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Tags: facebook | deaths | obituary | social media | population growth

Dead People Will Outnumber the Living on Facebook in 50 Years

Dead People Will Outnumber the Living on Facebook in 50 Years
(Matt Rourke/AP)

By    |   Monday, 29 April 2019 11:13 AM

In a creepy twist, projections indicate, in just 50 years, the number of Facebook profiles belonging to people who have died might far outnumber the accounts belonging to people who are still alive. This is an estimation made by academics of the Oxford Internet Institute who predicted, based on 2018 user levels, at least 1.4 billion Facebook members will die before 2100. If these projections are accurate, then the dead could outnumber the living by 2070.

They also forecast the number of deceased users could reach as high as 4.9 billion before the end of the century.

Academics put forward two scenarios in which this could take place. The first is based upon the assumption no new users would sign up with Facebook as of 2018. If this were the case then Asia's share of dead users would increase to nearly 44% of the total users on Facebook by the end of the century. Nearly half of those user profiles come from India and Indonesia, which will make up just about 279 million Facebook mortalities by 2100.

In the second scenario academics hypothesized, if Facebook continued to grow by its current rate of 13% globally each year until reaching market saturation, then countries such as Africa will make up a growing share of dead users. Meanwhile, Western users will account for only a minority of users.

This discovery gives rise to difficult questions such as who has the right to the data of the deceased on social networks and who should manage it.

"The management of our digital remains will eventually affect everyone who uses social media, since all of us will one day pass away and leave our data behind," said Carl Öhman, a doctoral candidate at the Oxford Internet Institute.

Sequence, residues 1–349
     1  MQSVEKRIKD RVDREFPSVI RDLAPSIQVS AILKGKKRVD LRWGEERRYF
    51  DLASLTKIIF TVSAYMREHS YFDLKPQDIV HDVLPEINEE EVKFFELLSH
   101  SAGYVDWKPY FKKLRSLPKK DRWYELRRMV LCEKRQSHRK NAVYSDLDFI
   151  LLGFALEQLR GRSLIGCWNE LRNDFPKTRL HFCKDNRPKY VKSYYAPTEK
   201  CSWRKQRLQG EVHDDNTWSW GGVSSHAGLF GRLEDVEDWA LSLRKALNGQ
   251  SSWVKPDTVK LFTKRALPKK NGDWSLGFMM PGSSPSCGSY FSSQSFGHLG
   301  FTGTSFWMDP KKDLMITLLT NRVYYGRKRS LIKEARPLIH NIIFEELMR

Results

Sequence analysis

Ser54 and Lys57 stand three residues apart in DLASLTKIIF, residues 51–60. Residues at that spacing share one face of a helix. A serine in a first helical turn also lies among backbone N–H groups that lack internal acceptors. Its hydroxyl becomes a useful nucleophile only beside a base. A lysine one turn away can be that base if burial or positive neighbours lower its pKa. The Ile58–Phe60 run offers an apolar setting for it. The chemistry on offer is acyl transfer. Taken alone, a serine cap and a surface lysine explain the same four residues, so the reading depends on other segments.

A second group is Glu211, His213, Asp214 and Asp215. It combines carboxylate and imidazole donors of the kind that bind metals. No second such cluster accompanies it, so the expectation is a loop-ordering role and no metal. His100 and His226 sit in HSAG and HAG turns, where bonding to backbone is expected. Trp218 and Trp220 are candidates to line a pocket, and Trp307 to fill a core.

"These statistics give rise to new and difficult questions around who has the right to all this data, how should it be managed in the best interests of the families and friends of the deceased and its use by future historians to understand the past."

Öhman said these memorial profiles will eventually become part of our global heritage, which is why discussions on how to manage them was so important. Facebook currently allows for users to appoint a "legacy contact" who will look after their memorialized accounts once they have died or have the account permanently deleted.

David Watson, co-author of the study, noted that social media has allowed for a vast archive of human behavior and culture to exist in one place and the management of this data was vital.

"Controlling this archive will, in a sense, be to control our history. It is therefore important that we ensure that access to these historical data is not limited to a single for-profit firm. It is also important to make sure that future generations can use our digital heritage to understand their history," he said.

© 2021 Newsmax. All rights reserved.


TheWire
In a creepy twist, projections indicate, in just 50 years, the number of Facebook profiles belonging to people who have died might far outnumber the accounts belonging to people who are still alive.
facebook, deaths, obituary, social media, population growth
477
2019-13-29
Monday, 29 April 2019 11:13 AM
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